HMSA plays hardball in hospital negotiations

By Howard Dicus - bio | email

HONOLULU (HawaiiNewsNow) - HMSA told its members Thursday that they could pay more for care at several Hawaii hospitals if a new contract agreement is not reached before the current expires next year.

"We are disappointed in HMSA's actions and view on the situation, which we only learned of through their public statements," said Chuck Sted, CEO of Hawaii Pacific Health, which operates the Straub, Kapiolani, Pali Momi and Wilcox hospitals.

HMSA, which insures two thirds of Hawaii residents as the state Blue Cross provider, put a notice on its Web site that warned of possible higher costs.

"Hawaii Pacific Health facilities may no longer participate in HMSA's network after Jan. 31," HMSA said, adding, "We will continue to work toward a reasonable agreement."

The warning was unusual for such negotiations, since the current contract has nearly four more months to go and contract negotiations continued this week.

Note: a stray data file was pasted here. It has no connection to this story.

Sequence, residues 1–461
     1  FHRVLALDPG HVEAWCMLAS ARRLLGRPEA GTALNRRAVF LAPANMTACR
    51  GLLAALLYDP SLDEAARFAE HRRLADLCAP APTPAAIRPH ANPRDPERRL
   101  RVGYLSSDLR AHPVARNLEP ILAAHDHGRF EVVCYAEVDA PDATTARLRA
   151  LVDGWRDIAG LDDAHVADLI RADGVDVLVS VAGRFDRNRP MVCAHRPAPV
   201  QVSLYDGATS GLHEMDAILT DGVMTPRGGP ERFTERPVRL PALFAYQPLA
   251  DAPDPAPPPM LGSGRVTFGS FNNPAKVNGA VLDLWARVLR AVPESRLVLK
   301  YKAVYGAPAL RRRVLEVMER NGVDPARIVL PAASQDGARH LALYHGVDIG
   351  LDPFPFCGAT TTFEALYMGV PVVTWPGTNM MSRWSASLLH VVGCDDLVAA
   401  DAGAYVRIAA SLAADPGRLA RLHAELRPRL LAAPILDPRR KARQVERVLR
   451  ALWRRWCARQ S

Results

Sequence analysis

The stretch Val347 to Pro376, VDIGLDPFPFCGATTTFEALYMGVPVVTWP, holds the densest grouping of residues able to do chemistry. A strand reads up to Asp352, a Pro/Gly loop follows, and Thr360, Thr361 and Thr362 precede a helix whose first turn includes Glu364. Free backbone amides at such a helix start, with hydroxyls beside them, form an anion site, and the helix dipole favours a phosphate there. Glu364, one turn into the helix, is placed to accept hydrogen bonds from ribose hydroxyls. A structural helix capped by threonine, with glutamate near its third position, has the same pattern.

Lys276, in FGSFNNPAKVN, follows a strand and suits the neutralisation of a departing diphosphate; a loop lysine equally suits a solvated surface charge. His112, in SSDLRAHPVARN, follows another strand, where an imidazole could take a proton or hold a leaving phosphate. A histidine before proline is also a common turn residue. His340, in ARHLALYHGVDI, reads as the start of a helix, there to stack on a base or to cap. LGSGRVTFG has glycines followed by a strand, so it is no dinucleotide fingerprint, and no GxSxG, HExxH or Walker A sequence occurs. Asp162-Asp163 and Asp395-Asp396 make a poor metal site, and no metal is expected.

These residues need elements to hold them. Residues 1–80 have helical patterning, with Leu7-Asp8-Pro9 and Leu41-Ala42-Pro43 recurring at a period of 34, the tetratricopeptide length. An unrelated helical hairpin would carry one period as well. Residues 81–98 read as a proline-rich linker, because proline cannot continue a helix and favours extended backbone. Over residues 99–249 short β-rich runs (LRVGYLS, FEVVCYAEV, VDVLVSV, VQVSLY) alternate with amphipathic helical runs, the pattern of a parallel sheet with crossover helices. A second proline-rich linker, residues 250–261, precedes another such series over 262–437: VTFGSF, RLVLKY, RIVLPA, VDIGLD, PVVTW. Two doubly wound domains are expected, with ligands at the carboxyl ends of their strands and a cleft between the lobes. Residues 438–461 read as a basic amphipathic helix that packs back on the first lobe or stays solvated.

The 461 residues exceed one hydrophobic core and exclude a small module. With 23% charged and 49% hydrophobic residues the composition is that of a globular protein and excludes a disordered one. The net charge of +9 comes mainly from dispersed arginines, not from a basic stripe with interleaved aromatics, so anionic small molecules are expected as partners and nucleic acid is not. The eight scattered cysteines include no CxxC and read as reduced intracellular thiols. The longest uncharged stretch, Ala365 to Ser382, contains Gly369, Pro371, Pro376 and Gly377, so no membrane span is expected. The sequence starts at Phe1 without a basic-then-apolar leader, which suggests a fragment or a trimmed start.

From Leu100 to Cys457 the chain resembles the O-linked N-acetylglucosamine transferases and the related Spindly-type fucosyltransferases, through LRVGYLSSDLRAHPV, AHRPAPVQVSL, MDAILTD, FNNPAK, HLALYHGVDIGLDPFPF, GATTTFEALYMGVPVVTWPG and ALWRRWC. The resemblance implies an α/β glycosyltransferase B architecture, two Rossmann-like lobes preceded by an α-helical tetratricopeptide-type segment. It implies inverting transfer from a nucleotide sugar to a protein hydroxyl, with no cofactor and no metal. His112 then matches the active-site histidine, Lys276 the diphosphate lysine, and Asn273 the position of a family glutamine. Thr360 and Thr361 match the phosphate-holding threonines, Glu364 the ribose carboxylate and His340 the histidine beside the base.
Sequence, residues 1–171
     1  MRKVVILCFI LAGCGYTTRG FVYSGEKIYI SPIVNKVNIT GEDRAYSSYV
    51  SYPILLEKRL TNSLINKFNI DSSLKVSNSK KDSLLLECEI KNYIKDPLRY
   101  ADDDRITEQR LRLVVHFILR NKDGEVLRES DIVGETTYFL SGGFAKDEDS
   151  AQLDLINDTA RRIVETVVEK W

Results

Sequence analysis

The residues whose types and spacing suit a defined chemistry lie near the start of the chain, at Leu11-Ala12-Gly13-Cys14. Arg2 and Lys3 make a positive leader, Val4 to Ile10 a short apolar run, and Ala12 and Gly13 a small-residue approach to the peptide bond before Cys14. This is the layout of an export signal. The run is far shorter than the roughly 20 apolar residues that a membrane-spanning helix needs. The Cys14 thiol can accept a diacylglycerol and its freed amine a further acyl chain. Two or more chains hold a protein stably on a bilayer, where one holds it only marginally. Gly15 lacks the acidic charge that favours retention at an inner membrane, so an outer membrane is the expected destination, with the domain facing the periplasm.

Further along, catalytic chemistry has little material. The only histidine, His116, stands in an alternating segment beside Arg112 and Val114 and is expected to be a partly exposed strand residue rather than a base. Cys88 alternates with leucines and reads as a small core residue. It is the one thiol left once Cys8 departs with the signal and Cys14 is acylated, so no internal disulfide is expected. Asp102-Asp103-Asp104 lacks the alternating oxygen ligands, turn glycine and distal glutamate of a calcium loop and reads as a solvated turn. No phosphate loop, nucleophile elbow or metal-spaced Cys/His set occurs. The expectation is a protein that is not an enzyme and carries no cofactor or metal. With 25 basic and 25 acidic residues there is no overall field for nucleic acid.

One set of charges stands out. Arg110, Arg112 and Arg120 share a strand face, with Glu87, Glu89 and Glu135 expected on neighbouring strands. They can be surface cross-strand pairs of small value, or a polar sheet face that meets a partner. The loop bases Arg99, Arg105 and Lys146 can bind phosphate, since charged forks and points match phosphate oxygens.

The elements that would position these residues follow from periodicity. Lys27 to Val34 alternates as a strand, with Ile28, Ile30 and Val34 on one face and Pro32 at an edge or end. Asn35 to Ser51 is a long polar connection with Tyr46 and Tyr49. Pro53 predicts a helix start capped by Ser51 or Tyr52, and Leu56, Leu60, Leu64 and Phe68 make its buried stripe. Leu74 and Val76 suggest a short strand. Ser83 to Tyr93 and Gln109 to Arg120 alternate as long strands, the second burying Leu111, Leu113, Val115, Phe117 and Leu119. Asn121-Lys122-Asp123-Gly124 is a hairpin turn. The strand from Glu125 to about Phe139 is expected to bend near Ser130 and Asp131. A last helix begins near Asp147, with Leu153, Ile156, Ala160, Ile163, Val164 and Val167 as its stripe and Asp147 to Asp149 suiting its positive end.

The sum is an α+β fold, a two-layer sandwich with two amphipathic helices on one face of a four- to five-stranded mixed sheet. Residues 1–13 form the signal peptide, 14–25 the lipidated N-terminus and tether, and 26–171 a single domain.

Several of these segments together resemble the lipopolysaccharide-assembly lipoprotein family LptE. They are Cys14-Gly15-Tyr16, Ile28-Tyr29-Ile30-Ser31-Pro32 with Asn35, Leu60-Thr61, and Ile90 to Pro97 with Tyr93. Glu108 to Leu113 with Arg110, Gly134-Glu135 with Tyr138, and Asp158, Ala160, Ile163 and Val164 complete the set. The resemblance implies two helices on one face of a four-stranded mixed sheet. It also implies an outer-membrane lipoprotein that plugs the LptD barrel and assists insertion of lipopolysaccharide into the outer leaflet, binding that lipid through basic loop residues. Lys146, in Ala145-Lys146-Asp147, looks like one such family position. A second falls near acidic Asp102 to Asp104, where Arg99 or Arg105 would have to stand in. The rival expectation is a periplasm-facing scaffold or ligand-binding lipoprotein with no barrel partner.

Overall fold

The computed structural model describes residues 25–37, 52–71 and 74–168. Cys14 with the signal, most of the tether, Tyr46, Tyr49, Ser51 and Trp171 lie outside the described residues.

"HMSA commercial members who continue to use Hawaii Pacific Health hospitals would pay more out-of-pocket for care," HMSA said, referring to what could happen if a new agreement is not reached.

Sted said the notice was not a good faith approach to negotiations and urged HMSA to steer away from "counterproductive attacks."

"From our perspective," he said, "the negotiations have been progressing well and we were completely surprised by HMSA's unexpected aggression to infringe on the physical-patient relationship."

Negotiations are expected to continue, but with the added complication of a public airing of their differences.

Considering their opposing roles, the two operations have some similar views about what will make health care better without adding to costs. Both HMSA and Hawaii Pacific Health are promoting more preventive care. All the major players in the health care industry say it is cheaper to prevent a disease than to treat it.

Health care costs have actually risen less in Hawaii than on the mainland. Local hospital officials attribute this to Hawaii's healthier environment, and to Hawaii law which requires more people to be covered by medical insurance, spreading out the cost of health care among more people, including younger residents who don't consume as many health services.

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